Denton Journal from Denton, Maryland on February 12, 1898 · Page 4
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Denton Journal from Denton, Maryland · Page 4

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Saturday, February 12, 1898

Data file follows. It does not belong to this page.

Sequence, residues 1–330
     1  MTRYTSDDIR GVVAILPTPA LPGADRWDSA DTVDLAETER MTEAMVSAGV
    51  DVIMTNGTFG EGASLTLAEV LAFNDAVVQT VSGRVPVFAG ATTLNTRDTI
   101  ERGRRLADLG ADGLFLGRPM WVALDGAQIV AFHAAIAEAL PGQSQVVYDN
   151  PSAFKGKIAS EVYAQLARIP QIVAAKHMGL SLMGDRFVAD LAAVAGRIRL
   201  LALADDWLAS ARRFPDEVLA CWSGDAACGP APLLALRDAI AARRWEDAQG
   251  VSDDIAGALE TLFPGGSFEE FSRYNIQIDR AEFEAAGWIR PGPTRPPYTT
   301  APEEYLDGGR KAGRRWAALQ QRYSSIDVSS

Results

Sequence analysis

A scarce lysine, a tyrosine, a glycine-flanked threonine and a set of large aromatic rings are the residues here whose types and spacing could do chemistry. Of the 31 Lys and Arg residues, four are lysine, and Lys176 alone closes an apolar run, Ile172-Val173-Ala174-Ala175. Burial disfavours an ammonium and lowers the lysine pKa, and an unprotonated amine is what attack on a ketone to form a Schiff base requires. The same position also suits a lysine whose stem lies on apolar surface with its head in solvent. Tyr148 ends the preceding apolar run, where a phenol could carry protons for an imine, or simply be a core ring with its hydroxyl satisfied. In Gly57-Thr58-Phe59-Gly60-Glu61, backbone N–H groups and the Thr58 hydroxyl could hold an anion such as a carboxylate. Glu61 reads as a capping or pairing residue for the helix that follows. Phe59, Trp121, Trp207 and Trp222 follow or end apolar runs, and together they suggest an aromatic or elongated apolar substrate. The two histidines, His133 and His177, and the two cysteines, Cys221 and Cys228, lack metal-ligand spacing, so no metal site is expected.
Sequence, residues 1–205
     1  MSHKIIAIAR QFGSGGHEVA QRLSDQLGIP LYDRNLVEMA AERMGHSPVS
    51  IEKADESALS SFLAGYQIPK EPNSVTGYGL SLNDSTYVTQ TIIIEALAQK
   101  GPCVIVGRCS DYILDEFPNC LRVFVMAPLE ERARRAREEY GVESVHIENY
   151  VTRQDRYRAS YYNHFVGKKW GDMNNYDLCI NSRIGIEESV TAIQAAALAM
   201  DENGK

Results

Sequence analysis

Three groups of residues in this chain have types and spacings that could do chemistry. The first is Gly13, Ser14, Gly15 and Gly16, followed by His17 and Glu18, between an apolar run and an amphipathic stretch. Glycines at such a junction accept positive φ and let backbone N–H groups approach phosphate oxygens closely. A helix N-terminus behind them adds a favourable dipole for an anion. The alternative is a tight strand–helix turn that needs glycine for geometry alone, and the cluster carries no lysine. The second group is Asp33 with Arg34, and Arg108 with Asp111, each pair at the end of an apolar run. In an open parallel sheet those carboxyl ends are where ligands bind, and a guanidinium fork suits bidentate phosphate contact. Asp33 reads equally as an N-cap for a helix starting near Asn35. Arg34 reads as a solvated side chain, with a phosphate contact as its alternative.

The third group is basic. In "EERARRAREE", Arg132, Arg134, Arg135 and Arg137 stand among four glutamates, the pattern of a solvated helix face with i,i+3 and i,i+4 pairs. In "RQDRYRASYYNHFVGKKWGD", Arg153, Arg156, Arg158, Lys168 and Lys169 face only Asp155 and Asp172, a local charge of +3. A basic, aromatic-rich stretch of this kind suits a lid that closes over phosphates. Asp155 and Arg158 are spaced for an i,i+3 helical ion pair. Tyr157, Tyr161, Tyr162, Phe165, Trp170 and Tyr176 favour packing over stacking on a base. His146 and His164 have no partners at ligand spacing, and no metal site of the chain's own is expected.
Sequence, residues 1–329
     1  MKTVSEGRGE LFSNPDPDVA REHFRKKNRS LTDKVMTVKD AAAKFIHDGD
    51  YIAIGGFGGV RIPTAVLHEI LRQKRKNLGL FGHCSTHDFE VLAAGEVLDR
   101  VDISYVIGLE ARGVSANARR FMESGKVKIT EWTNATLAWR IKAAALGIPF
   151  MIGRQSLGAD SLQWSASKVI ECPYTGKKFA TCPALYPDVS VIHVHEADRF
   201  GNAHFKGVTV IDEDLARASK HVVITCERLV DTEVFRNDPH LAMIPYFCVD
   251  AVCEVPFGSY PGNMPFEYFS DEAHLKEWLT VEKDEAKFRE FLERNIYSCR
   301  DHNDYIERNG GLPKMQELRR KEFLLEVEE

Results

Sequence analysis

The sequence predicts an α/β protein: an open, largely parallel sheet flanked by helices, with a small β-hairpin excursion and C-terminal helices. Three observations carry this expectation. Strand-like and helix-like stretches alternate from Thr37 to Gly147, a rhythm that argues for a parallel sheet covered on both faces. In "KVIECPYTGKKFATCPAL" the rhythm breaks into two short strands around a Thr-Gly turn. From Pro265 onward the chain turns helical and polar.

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MELVIN, STEELE JOHNSON, EDITORS AND PROPRIETORS. SATURDAY MORNING, FEBRUARY 12. ABOUT UNDERDRAWING. How Drains An Constructed In Connecticut--Tile Ver.sUH Stoiio Drains. The remarkable wet summer of 1897 was forcible admonition to the farmers of many sections to drain their lands, and they have heeded it. A Cou- uecticot correspondent, -writing to Country Gentleman from Hartford county, says: I do not remember a time vrlieu so many drains were being laid as at present. Farmers who had fields of potatoes not worth digging and tobucco only fit to be plowed Tinder are determined not to have another experience fo costly and disagieeable. If the next .season were to prove as dry as half a dozen preceding the present one, they might secure lair crops, but what the farmers waul is ]ii- suniuce against loss from the effects of Bnrplue water in another wet season. They are acting wisely, for it is probable that the increased yield of their crops duriug tho first ensuing summer of ex- LCbSivo rain will oft'ssct tho cost of drainage. The drains that are being constructed in the valley laHs are almost exclusively of tile. On the rocky lauds away from the Connecticut river some stoiie diaius are being built. When it is an object to rid the land of surface stones, it may be advisable to build stone drains, but tho additional labor required makes a - stono drain more expensive than one of ·tils under almost any circumstances. There is some little variation in the method of making a stone drain, but thu ordinary plan is to lay a row of stones oil each side at the bottom of tho ditch, cover across with flat stones, place a layer of cobblestones on these to a depth of several inches, cover the small stones · with straw or brush to prevent the loose earth from filling tho crevices and fill up the ditch with soil. Owe objection to a drain of this kind is the liability, provided the soil at the tot torn of the ditch is not of equal haul- aess for its entire length, that some of the foundation stones will sink below tho line of the rest. , In this case tho drain is likely to be choked up. Anotner objection is that burrowing animals may 'enter the drain and obstruct it. However, a stone'drain well laid on a hardpan bottom will often remain in position and perform good service for many years. I do not intend to say anything '"to discourage any farmer with au overabundance of loose stones upon his lands from building a stone - drain. Indeed there are many situations where au open , drain, with sloping sides grassed over, is very much better than none. The Bird. Little more than a drift of the air brought into form by plumes. The ^ air in nil its quills, it breathes . through its whole frame and flesh -and glows with air in its flying like . blown flame. It rests upon the air, ; subdues it, surpasses it, outraces it, and hi its J J-,jont is the voice of tho ' air. As -\ -w imagine the wild form of the closed into the perfect form «.. i Bird's wings, so ' the wild voice^of Uit 1f nid into its voice ' rippling through 'ie clear heaven in its gladness, intci_ reting passion through the soft spring nights, bursting into acclaim and rapture at "daybreak or twittering and lisping among boughs and hedges through heat of day like little winds that ruffle the petals of the wild rose. Also on the plumes of the bird are put the colors of the air, the gold of -the cloud that cannot be gathered, the vermilion of the cloud bar, the flame of the cloud crest", the snow and the shadow and the melted blue of the deep wells of llio - sky. All these woven-into .plumes', following and fading along breast and throat and opened wings. And so tho spirit of the air is pnt into this created form and becomes . through 20 centuries the symbol of divine help descending to bless the Hebrew cherubim, the Greek flying angel of victory, and the bird has given its wings to render the conception of angels and thus has influenced religion.--Ruskin. Bow · Road ID Ireland Was Made. The way in which the Irish imagination accounts for the curious notch - in the Devil's Bit mountain, Tipper- "ary.'is indicated in its very name. But-there are two versions of the legend. According to one, it is said that Nickie Ben, just to try how sharp his teeth were, bit a piece off thoupperedge, but, finding it rathei too hard even for his digestion, he -threw it np at Cashel, in the same county, where it has remained ever since. In confirmation of thestoiy '-it is gravely asserted that tho rock 'of Cashel would exactly tit into the gap left in the aforesaid mountain. In Notes and Queries, June 1, 1851, -the tale is told as follows: 'In the Barnnne mountains, near Temple-more, Ireland, there is a large dent ^or hollow, visible at the distance of " 20 miles ant! known.by the name of the 'Devil's Bit.' There is a foolish _ tradition,that the devil was obliged -by one of the saints to make a road for his reverence across an extensive bog in the neighborhood, and so, taking a piece of the mountain in his mouth, he strode over the bog and deposited a road behind him!" --Gentleman's Magazine. Ice From Electricity. Ice from electricity was one of several promises recently extended, by one of tho electrio companies in tho United States to n, number of specially invited guests. Electric heating and'cooking, electrio forging and electric piano playing were all ' down" on the list^of attractions offer- .ed, hut the making of ice in an electrical way seemed likely to be of pre-eminent interest. True, it was, after all, the regular matter of faot *' process carried out with ono of -tha · well known makes of ammonia com, pression machines, Jjut the latter, _- - instead of ..being driven by a steam -; engine in tho usual way,-was con- · ^nected with an electrio motor, which · : .l furnished tho necessary power. It ; simply afforded another illustration ·-of the rapidly extending field of elec- ; trie motor applications and certainly {demonstrated the, making of ice by ,'; electricity, though perhaps somo- /·what differently from what may have been expected by those who at* f tend«l tiw exhibition. -- Gassier'* TALKING ABOUT HOT THINGS. they Are "to He Found In Bfarylanil, Where They Know the Cards. "Talking about hot things," said tho old gambler, "you want to take n, trip down to Leonftrdtown,Md.,an( BCO tho sports in that neck of the swamp play seven up with n tender foot. Lots of tliftt kind of cattlo go browsing down there in tho sum mor, and after they get a fish diunei somebody is sure to run 'em against a game where the deuce al ways counts for the man who plays it. Well, sirs, tho native most al ways gives the other fellow the deal mid the other fellow most generally finds enough in his hand to give ono Tho native plays his cards like light ning, one after another, and then draws in the stakes. His opponen wants to know what he's doing. "'Why,' says tho native, 'I'm game. One I had, and one you gim me, and the one I orter had is three nnd high, lovr, jack and tho game is out. Ain't that right, Jack?" "And Jack, who is looking on Bays, 'Why, sure,' and that settles it." . When Major Shoemaker of the fa mous old liquor firm of Shoemaker Hertzog was alive, he was notec from ono end of the country to the other as the most fearless gamblei in tho country. He would bet any amount of money on any proposition where the chances were any thing like even, and he was as will ing to match quarters for a big bunch, of dollars as he was to play the limit on "singles" ill faro. The late John T. Raymond was an inveterate matcher of coins, and at every theater he visited he was sure to have a bout with some friend who know his penchant. One day Shoo was in New York, and he met Raymond in the barroom of tho Metropolitan hotel witfo a party of New Yorkers. Shoo and the comedian matched for the drinks and then for dollars. Each placed twenty dollars on the bar and removed them one by one, matching each other in turn. The luck broke about even. While the fun was progressing a message camo calling Raymond away for a littlo while, and a young broker, who was also executor of a wealthy estate, volunteered to take tho comedian's place. Of course Shoo was nothing loath, and he was gratified by a sudden change of fortune in his favor. He matched every dollar of the other, who, in turn, was unable to make his coins agree with Shoe's. The broker grew provoked and suggested an increase of the stakes. "Let's match for $10 a go,"he suggested. "A hundred if you wish," said Shoo. So $100 they made it. Luck ran steady to Shoo, and the news got out on the street, and a crowd began to gather. This brought the broker to his senses. "I reckon I had better quit," he remarked. "It wouldn't do to have it said I was gambling in a public place. I'll get my revenge some other time." Thereupon he called for a blank check and filled it out in Shoo's favor for $1,400. Three hours later that check and another $1,000 was in the drawer of the faro table at 312 Broadway, and Shoo, as cool as a cucumber, was on his way to the ferry to take the train for Washington.--Washington Post French Nanl Tactic*. And now, for the first time in his life, he had the opportunity of studying the theory and technio of his profession on a large scale. Admiral la Motte-Picquet, Admiral Count d'Orvilliers, and especially the chief of staff, the Chevalier du Pavillion, wore accomplished tacticians. True it is, their tactics had rarely been able to withstand more than a few broadsides from the unscientific English, but Paul Jones not only grasped the theory fully that naval warfare is a great and farreaching science, but he put it in practice, which the French had singularly overlooked. Then was presented the spectacle, not devoid of humor, of Paul Joues sitting at the feet of theFroneh commanders,, penetrated with admiration at "the French tactic," as he calls it, while 66 French ships of the line hung on to their anchors, closely blockaded by the ignorant English, who were "very deficient in naval tactics," as PatiL Jones wrote. However, things were made even by tho English having the victories, while tho French had the tactics.--"Paul Jones," by Molly Elliot Seawell, in Century. British Admiralty Red Tape. Every one who has to do with the admiralty is familiar with amusing tales of the glorification of red tape. Here is the very latest. Some time ago a workman in one of the dockyards-lost a government candlestick, valued at a few pence. This was considered sufficient excuse for a report by tho local officials to Whitehall. A long correspondence of the approved government office typo ensued, and it is estimated that not less than £5 -was spent in the officials' time, ink 'and paper. After every aspect of the case had been weighed the workman was directed to pay the local officials tho sum of fivepence, being the value set upon this particular candlestick. Of course, if the man had been in private employment, little or no notice would have been taken of such a triviality, or, at most, he would have paid his foreman the value, without any red tapeism.--West- minster Gazette. A Good Grantor Wax. The Farm Journal says: For grafting was we think this is about right: To 8 parts resin and 2 of beeswax add 1 of fallow. Put in an irou pot, heat slowly and mix well. Pour out into cold water and pnll by hand until it assumes a light color; work into sticks and pnt into n cool place till wanted. In using, oil the hands, work the wax until soft aiul press it tightly around the graft and ovnr the cracks. If the day lie warm, it is sometimes better to occasionally moisten the hands with cold water. Wo do not think it necessary to eutor into tho 'minutiae of tho operation of grafting, hut simply to impress upon all the importance of having the inner bark of the stock and ficioua to fit tightly together. If this be attended tot inoottali' ·Imort certain. J YOU ARE INVITED. When visiting BALTIMORE to make a convenience of my offices and my perfectly appointed tailoring establishment. You may want a suit of clothes, an overcoat, or a pair of trousers;--our best skill is at your command. If we can serve you to your interest,--that's our pleasure; if not, there are other tailors to-whom we would be glad to direct you. We keep only the very best stuffs. Good Suits for $15, Stylish Overcoats for $i 5, Trousers for $5, but as high-made as · art and style can produce. Higher values if you want. Nothing ready-made. Will be glad to welcome any new-comers from your part of the country. Jchja M. Xleeler, Importer and Tailor, 5 N. Calvert Street, opp. Equitable Building. PROFESSIONAL CARDS. 7TLBERT C. TOWERS, ATTORNEY-AT-I.AW Denton. Maryland. TAMES N. TODD, ATTORN EY-AT-LAW, OENTOJf, IVLARYLANIX pHARLES E. McSHANE, ATTORNEY-AT-LAW, DKSTON, MAUVLAN D T. BOYER, CONTRACTOR AND BUILDER, IJKNTON, MI. ALTER SPARKLIN, ATTORNEY-AT-LAW, DENTON, MARYLAND. OP no: iM-rn JAS. N. TODD. ESQ. " BUTLER ' BICYCLE REPAIRER, Satisfaction guaranteed. -1'riccs Reasonable. G 2G tiu- QSCAR CLARK. Attorney-at-TjBw, DHNTON, MARYLAND. Collections and all professional business promptly attended to. ILMER EMORY, ATTORNEY-AT-LAW, CKNTJRKVIHE, MD Will practice also in Caroline, Talbot and Kent county. N. AtEX. IHJTSON, ATTORNEY-AT-LAW, ' DENTON, MARYLAND. "Will practice is the courts of Caroline and adjacent counties. rri PLINY FISHER, A TTQRNEY-A T-L.4. If, DENTON, MD. All business entrusted to my care will receive prompt attention. Collection oi laims a specialty. TTARVEY L. COOPER. ATTORNEY-AT-LAW, DENTON, MARYLAND. Close attention will be given to oil business entrusted to mv care. JOHN W. CLARK,'JR. -A.-u.ctioaa.eer, Box 66. Dtptor, \arylanl. Will sell property in Caroline or any of '.he adjoining counties. IIEfiRY ». LEWIS. WILLAHD E. \VST LEWIS it- WEST, ATTORNEYS-A T-LA W, DENTON, MD. "Will practice in the Courts of Caroline Tullotand Queen Anne counties. DR. EN GJ-.OUOF, DR. P. R. I- GEORGE FISHER, Physicians, Surgeons Gynecologists, DENTON, MARYLAND. Office at residence of Dr. Enoch George, Main Street. VSr. It. DEYVKKSK. KRKD K. OVTXKS DEAVEESE OWENS, DENTON, MD. Office in tho Court House. Mortgages foreclosed,ustntes settled imd prompt attention given to all business en trusted to us. "Will practice in tho State *nd Federal Court. "VVM. E. DKWEESE, State's Attorney for Caroline county. PAINTER AND DECORATOR, . . . . DENTON, Mr., HftS'hadten years' experience in the cities of "Wilmington, Philadelphia and New York, and is now ready to make contracts and guarantees skillful work, fair prices and entire satisfaction- DRS. W. T. L. D. KELLEY, : DENTISTS: MAIN OFFICE: EASTON, MAK\LAND Will praotico at Preston on Mondays; Jenton on Tuesdays; J'cderalsburg, sec- jnd nnd fourth Thursdays; East .New Market, first and third Thursdays. Best work guaranteed. Gae ad minis ter- d. REO'AE.IED PHYSICIAN, Twenty-five years' experience. Specialist in Diseases of Women inly. Private Sanitarium of Ingh cpute. Absolute privacy aftord- d. Female Regulative Pills $100 per box. Advice by mail. 603 E«ST BALTIMORE STREET. BALTIMORE, MD. vegetable Compound for Female Complaints, $1 Wives without Children consult me. pe, CONTRACTOR HD BUILDER, Kidjjely, Maryland. Contracts lakcn in Caroline and ndjoin- ng counties. Thirty-tlirco years cxper- euce. Flans and specifications cheerfully tarnished. Beat of references from Caro- . ine, Talbot dud Dorchester countiei. Fre?b Groceries. JJ AVING- restocked my GROCERY DEPARTMENT, I am now prepared to supply my customers and the p u b l i c generally w i t h e v e r y t h i n g in that line, fresh and oi' the best qnal- MEATS, COl'Ti:i *TM Notion?, Ribbon? AMD Dress Trirr}rr)inQ5. My stock of t h f i latter is very complete, and my lady f r i e n d s w i l l do well to call and e x a m i n e my Broods before going elsewhere. Spool Silks, Cottou. Gloves and Hosiery, au(3 in fuct ii general l i n e of Notions. Drop in and see the stock. Oysters and Ice Cream, For a good Oyster Stew srive us ;v call. Ice Cream w i l l also be st'vved in season. Any q u a n t i t y supplied for f a m i l y use w i i u u desired. ISf Meiil= n t short notice. . JULIA DAY, Successor to Jn.rr)ts Parts- WILL BE POUND A GOOD STOCK --OF -- Boots, Shoes, Hats, Gaps, Etc., --AT-J. M. BE AVEN'S, HILLSBORO, MD. Larqe StocK of GROCERIES AND QUEENSWARE You can also find at tlio k G I M H E P Full s u p p l y of n i l k i n d s of Lumber, Sawing suid P l a n i n g cloue ;it short notice. Ceiling, Flooring, Shingles, Laths, Doors. Windows, Etc., always on b n n d . V. VT. ICKDDIUI. W. F. M U K P U Y REDDEN MURPHY, DKAT.ERS IS FIRST-CLASS B U I L D I N G MATERIALS, CONTRACTORS AND BUILDERS, DENTON, M A R Y L A N D . Prices on all goods warranted U lie as low ns thoso oflcrcd by city dealers. Mr. Murphy, a builder of long experience, i\ il havo charge of the piacticnl work, nnd satisfaction guaranteed in every particular JAMES T, COOPER, Undertaker, Eibalner anc Cabinet taker DENTON. MARYLAND. Years of experience enables Mr. Cooper to insure entire satisfaction in every particular. His shop is always fully supplied with needed material and first-class workmanship is guaranteed. Prank C. Eolton. Lee B. Eolton. BOLTON BROS. POTS, OILS AND GLASS. PRIZE MEDAL %$ PAINTS, Machinery Oils, Tar, Oakum and Pitch. ENGINEERS', MACHINISTS, Steamship and Railway Supplies, 418, 120, 422, 424 E. PKATT ST., Wanted, One Caroline County Map ns surveyed "by Saulsbury. State price, and address, AV. B. COTTER, 209 S. Sixth St., Philndclpliiii, PH. Notice to Growers, "Wo are ready to contract for Tomatoes 011 Saturday afternoon of each week dur- SKI; February. Our -oniract pi ice for 1S98 w i l l be six; dollars por ton. ' 6. T. K B D D K N C O . For Sale, Lloyd Strawberries, the most prolific and popular to date, plants for sale at less linn half market price. H. "W. VIVEK, 1 29 8 Bridge-villo, Del, Farms Wanted, Have purchasers ready for cheap farms. Anyone desiring to bull, send particulars and lowest price to HEVERIN GOTTEN. 209 S. Gth, Diiln. JAMES SWANN. BKPRXSENTINU The Best Life Fire Insurance, DENTON, MARYLAND. For Sale, Five million (5,000,000) Tennessee Prolific Strawberry plautt, at §1.25 per thousand. THOS. H. EVERNtiAAI. 1-23-Qm. Concord, Md. For Rent, Dr. P. S. Reynolds' Cannery, nt Queen Anne Station, near Ilillsboro, and lately occupied by Swing Bros., of Kidgcly. For further particulars apply to JOHN H. JtOLT, 1 29 3 Cordova, Md. TUEW GOODS! PRICES! We luivc just opened n huge invoice of S P R I N G GOODS, .mil n bettor collodion from which to choose hii n e ^ o t boon offered in Den ton. To le npprccmtcd it must bo soon. Your inspection i« mviietl The pi ices \ \ i l l bo a \ c r y itarlling lea- tnre ol the sale", liorc for iho n e x t llmty days, nnd b u \ e r « will do vt oil to note them. llou \\ould some ol these strike j o n ? Percale, tlio i ocular 12c. k i n d ; 0111 piicc, while it lusts, only 8c. A bettci 1 grade »t 12c. Calicoes, · siiid be 1 . Blue :inil Light Prints plum il funry dc-ii^n-, 5". Pique Remnants, 10c,, tlio regular toe. kind. from oc up. Ginghams, Lawns, gulsir pine 12c., otiv pnco, lOe. We have an cxcfllent assortment of these. Table-Cloth, choice quality Irish Linen, 50u. per ynrd. Pantaloon Goods at various prices. Sl.OO Siiiyrnii Hugs at 80u. A. E. COOPER I5RO., Denton. Md. BLINDS G O O D -- CHEAP PRACTICAL. BLACKSMITH HORSE-SHOER DENTON, MD. I shall constantly k:ep on assortment of Iron and Steel hand a ful for all kiudo of Farm and. Wagon Work. I can fur nish you all si/'es of new wheels nnd axles and best classes of horse-shoes nt short notice I guarantee all matciial and work at lowest prices to suit the hard times. Shop on Third St., opposite Livery Sla ble. Give me a trial. JOHN J. BARNES. FOR SALE AT PRIVATE SALE Three small fnrms, nil adjoining; oncl other, lying on tho county rond leading from Bridgetown toGrecnsboiougli, ubtn. two miles from tho former and four miles from the Intter plnce, known us tlio containing 7G, 8-3 and lit ACHES, resppc lively. The first two have buildings or them; the otbcr is unimproved. TKKMis EASY. Possession January 1st next Call on or address, .SAMUEL E. HILL, 200 Equitable Building, Baltimore, Md. Or to HEN RY B. LE VVIS, 10 2 tf Attorney, Denton, Md. TREES tP PLANTS S.A.X/E3! The leading varieties of Apple, Peach, Pear, Plum, Cherries, Small Fruita, etc.. for sale by A. G. GELLETLY CO., WIT.ljiaTON. MI). JAMES T. MORRIS, (RIUOKLY, MD.) · tteliriilit an! Blactaitli, AND EXPERIENCED HORSSEHOER. In .11 branches of my business I gnnr- nnteo satisfaction. In horseshoeing I have tbc endorsement of best veterinarians. JAMES T. MORRIS. For Sale, In Ridgely, Mil,, three building lots, ad- ioininsr--one a corner lot--bi'jiuliful locrt- lion. Apply to T. W. SMITH, 1-1-1 mo. " Kidgoiy, Md. For Rent for 1898, A nice 8-room duelling, with necessary ottbuildinjjs ami good water, situated on Main street, in Denton. Also a good stable with carnage-house, in East Don ton. Apply to J.'D. D9WNKS, Donton National Bank. Gat this out for Future Reference, Buy Your H O K S E S AT KING'S MARYLAND SALE BARN, AUCTION SALES Monday, Wednesday and Friday Throughout the year. "We dcnl in all Kinds, from the very best to the very cheapest. 100 HEAD of Horbes. Marcs and Mules, alwnys on hand. Visit us, it will pay 3'on. PRIVATE SALES EVERY DAY. FULL LINK OF Carriages, D*ytoi7S, Bug; , Sfcrt? nq4 Harris? vtry cheap. JAMES KING, Prop'r, 8,8,10, 18,14 ft tt I. HIGH STBEET, Near Baltimore St., ono square from Baltimore Street bridge. BALTIMORE, MD. Plymouth Rocks, · Pure-bred Barred Plymouth Rock Cockerels for sale. U. C. FISHER, 1 15 St Denton, Md. A LARGE LOT OF --AT Tin:-BURRSVILLE HABDWARE STORE. All si/es of Cook Stoves, fiom the smallest No. 7 to llic luigc-t No. 9. Heatin*; Stove* of all kiixU suitable for Parlors, Sit ting llooms, Diiiiiir llooins, Bed Rooms Churches, School Houses, Ofticcs, etc. Si\ kinds of Double Heaters. The best Ranges that aro made. Large lot of FURNITURE CLOSER AMD TIMOTHY SEED. Headquarters for Drive-well Material, Plows, "Wheelwright and Blacksmith Supplies, liuikl- ing Hardware; CtiTmge, "Wagon, Curt and Plow Harness, Paints and Oils, Tin wave, Harness and Shoe Leather, Washing Machines, Belt Lacins, and Steam Packing. TWELVE WS FILLSB WITH NODS! I have a large stock of Barbed '"Wire Cable Wire Buckthorn and llibbon Fencing, Poultry Netting, c. TILGHMAN HARYEY, Burrsvillo. Md. S. UNDERTAKERSEMBALMERS AHD FUNERAL DIRECTORS, DENTON, MARYLAND. Twenty years of experience en- ablos us to insure entire satisfaction in every particular. Our shops are fully supplied with needed material, and first-class workmanship is guaranteed. Is yonr Home, Furniture, Grain, Live Stock, or other Property Insured Against Loss by FIREORLI6HTNINGP If not, if you will apply to ono of the Agents of tLe ' OF DOVER. DEL. you can obtain insurance at low rates. The Company is Mutual, and you will only pay what the insurance costs, as any amount in ExcessoIMWillbe Returned in Dividends or at termination of policy. W5I. DENNY, Secretary. Tl. PLUMMER, Agont, Greensboro. J. B. FLETCHER. " c. Preston. GOOD TIMES A R E H E R E _ A G A I N I At this season of the your, when it Is everybody's aim to SAVE MONEY we have como to help you by ollbring you prices in GOLDEN IRISH THREAD. /~OLDSN IRISH enters, Hie water \viih stronger claims and backing to substantiate ^jf Us superiority than in any previous ear. Our sales on this thread more than doubled 1.ist year. GOLDB.V liusjH TIIRICAD has met with strone;(r opposition in the Choptank River than ,iny brand ever placed there. How has it succeeded in the fight, manned by us? It lias narrowed the sales of other brands of thread on this water down Tiilly one-hiilf, and the close of 1808 will largely reduce this half, for orders on" Sh.id Sc'iifcs arc already roining in and being booked for 1898. A multitude of flsh- cnii?ii will u«o GOLUKK IRISH this Spring who did not do so last, because of its fine eatchiii!! qualities, established and strengthened Inst year, to their entire satisfaction. Oni challenge still sUnds and will extend through tho season of 1898: "That we will match thUlhre.xd against any other brand (silk excepted) made, no matter at what cott, for strength, durability and fish cntchins; qu-ilitics." , Change in the tariff has affected the price of thread slightly, but we are still the pioneers of lo\v price", as the following will show: Sluxd Seinps. ready-knit, perfect work guaranteed, out of CO 2-cord Golden Irish Thread, at SI 83 per pound. No slips and pertcct knots. Baltimore hO--our No. 35--2-cord thread in A pound bulls, 51.25 per Ib. ANY LENGTH, DEPTH, OB SIZE OF MESH FURNISHED, varying by one-sixteenth of an inch. To avoid any disappointment, lot us have yonr orders early, nnd we will knit the tcincs and put'thcin away u n t i l you want them; nothing is gained by delay. You are . cither going to fish or j ou are not. Don't forget our Hanging Lines; no boiling, dragging or I'miic;: simply cut fron the coil and laen in. Guaranteed to neither kink nor" twist. All cdmiminicatiors by tnnil promptly attended to. Give postoffic* address in all letters. On all orders-give length, depth, and size of jnesh, stretch measure. Respectfully, W. J. BLACKISTON, Denton, Maryland. THOMAS H. MITCHELL, MANUFACTURER OP U, Doors, Blinds, Mouldings, Brackets, Newels, Hand Rails, Cabinet Mantels, Balusters, Etc. (^"Estimates Promptly Furnished on flll kinds ot Building Material. T. H. EVANS COMPANY, FRUIT AND PRODUCE COMMISSION MERCHANTS, No. 214 Light Street, Baltimore, Maryland, fl©"JYiiits nnd Vegetables; Maryland Peaches and Sweet Potatoes. COAL,WOOD^HAY Tho public will find constantly on hand at my coal yard 'at ' Bridge a full supply of coal, stove wood and baled hay, which I will ie- liver in any quantity anywhere in town. Stove Goal, 2240 Lbs. Per TOD, $6.00 5-75 Chestnut, STOVE WOOD BYTHE LOAD OR CORD HAY BY TEE BALE OR TON, DELIVERED IF DESIRED. OYSTER SHELLS, GAS LIME, BRICKS AND LUMBER ALWAYS IN STOCK. Wharf for the uso of the public for landing or shipping all kinds oC freight. Hauling- of all kinds done at reasonable rates. L. B. TOWERS. Ifll)- ITOlT Home OfQce, N. W. Cor. Charles Lexington Sta., RESOURCES, JUIM 39, 1B9S. Paid-up Capital $750,00000 Surplus 31 ),000 00 Reserve Requirement and Undivided Profit', 2£ ',767 50 $1^337,767 SO CLOTHING N»X^^= : : V-t that will snrpiiso 3011, and also j u s t i f y you to buy, at we must have room for SPRING_GOODS! WE ARE O V F K R I N Q S U R P R I S I N G BARGAINS in Dry Goods, Hats, Jlcn's nnd Ladies' Coarse and V i n o Foot-wear, and also a Pull nnd Complete line of Notions COME AND GET THE BEN K FIT OF THE TIMES. B A L T I M O R E BARGAIN STORE, RIDGELY, MD. Subscribe for the JOURNAL $1.00. THE OLDEST AND STRONGEST SURETY COMPANY IN Becomes surely on bonds of Executors, Administrators, nnd in all undertakings in Judicial Proceedings. Does nothing to conflict with the business of lawyers. Accepted by the United Stutcs Government as sole surety on bonds of every description Becomes surety on bonds of Sheriffs, Registers of "VVille, Clark* of Courts, Collector* nnd other officials of Stales, Citieh nnd Counties. Also, on bonds of contractors and ctiiplojcs of B.inks, Mercantile Houses, It nil road, Express and Telegraph Companies, nnd on those of Officers of Fraternal Organizations. UEKMAX K. BOSLEtt, EDWIN WABFIELD, SKCIIBTJIRY AND TREASURER. PRESIDENT- Por Full Particulars Apply to DEWEESE 0WENS, ATTOKNEYS-AT-LAAV, . . . . DENTON, MAKYLAND.. FOR THE NEXT SIXTY DAYS I will have a large line of both GOLD AND SILVER WATCHES AT ALL PRICES, FROM $3.00 UP. well to call on me. having watches in need of repair will do T. W. SMITH, A\«i. , SPAPFRf .TSPA.PERI